I'm writing to highlight an issue which I encounter with increasing frequency when I dine at restaurants these days.
Normally, the final bill amount will be a figure to two decimal places, after the addition of service charge and the goods and services tax. A number of restaurants will then round the bill up to the nearest tenth.
I can understand such a practice if the main form of payment is cash, as we don't have one-cent coins in circulation any more and even rounding up to the nearest five cents may be a chore.
But these days, most payments are done via cards and various other electronic means. These payment modes are able to transact to two decimal places.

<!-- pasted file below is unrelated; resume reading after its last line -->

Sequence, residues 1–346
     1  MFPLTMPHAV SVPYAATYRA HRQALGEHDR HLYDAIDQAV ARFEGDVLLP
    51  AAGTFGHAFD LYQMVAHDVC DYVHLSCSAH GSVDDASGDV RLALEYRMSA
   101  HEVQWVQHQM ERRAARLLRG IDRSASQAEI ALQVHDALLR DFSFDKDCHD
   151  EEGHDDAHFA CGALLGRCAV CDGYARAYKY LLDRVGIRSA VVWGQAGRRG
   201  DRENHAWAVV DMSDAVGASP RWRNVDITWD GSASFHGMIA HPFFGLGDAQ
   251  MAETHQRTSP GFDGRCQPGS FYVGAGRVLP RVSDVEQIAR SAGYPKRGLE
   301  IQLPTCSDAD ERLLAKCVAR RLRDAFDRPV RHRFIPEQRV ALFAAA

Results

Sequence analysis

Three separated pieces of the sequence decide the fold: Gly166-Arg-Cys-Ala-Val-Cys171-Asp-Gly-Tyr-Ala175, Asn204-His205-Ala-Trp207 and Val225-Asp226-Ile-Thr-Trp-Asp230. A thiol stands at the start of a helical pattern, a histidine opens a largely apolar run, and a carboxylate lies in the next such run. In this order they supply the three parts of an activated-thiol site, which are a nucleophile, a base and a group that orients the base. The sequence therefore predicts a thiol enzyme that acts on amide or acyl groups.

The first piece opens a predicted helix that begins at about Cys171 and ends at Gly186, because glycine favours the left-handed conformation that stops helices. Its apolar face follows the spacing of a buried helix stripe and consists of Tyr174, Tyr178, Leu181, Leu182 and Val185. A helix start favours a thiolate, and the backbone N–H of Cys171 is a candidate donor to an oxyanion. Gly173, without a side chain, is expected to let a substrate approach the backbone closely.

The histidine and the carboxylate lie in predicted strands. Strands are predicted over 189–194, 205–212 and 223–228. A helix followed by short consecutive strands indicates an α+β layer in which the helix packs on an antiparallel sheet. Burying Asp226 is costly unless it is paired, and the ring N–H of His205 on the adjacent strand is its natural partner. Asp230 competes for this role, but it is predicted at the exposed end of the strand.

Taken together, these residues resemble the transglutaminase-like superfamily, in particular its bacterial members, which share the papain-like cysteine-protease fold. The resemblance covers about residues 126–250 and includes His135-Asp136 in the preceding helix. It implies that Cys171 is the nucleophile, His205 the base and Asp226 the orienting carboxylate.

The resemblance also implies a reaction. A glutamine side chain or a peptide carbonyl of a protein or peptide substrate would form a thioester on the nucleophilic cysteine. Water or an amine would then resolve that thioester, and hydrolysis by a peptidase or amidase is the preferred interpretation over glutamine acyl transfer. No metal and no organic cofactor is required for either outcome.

While the rounded-up figure may seem quite insignificant, it is wrong as a practice.
Instead of rounding the figure up, restaurants should either charge the final bill amount to the exact two decimal figures, or round the figure down to the nearest tenth, like what supermarkets do.
Lim Wee Peng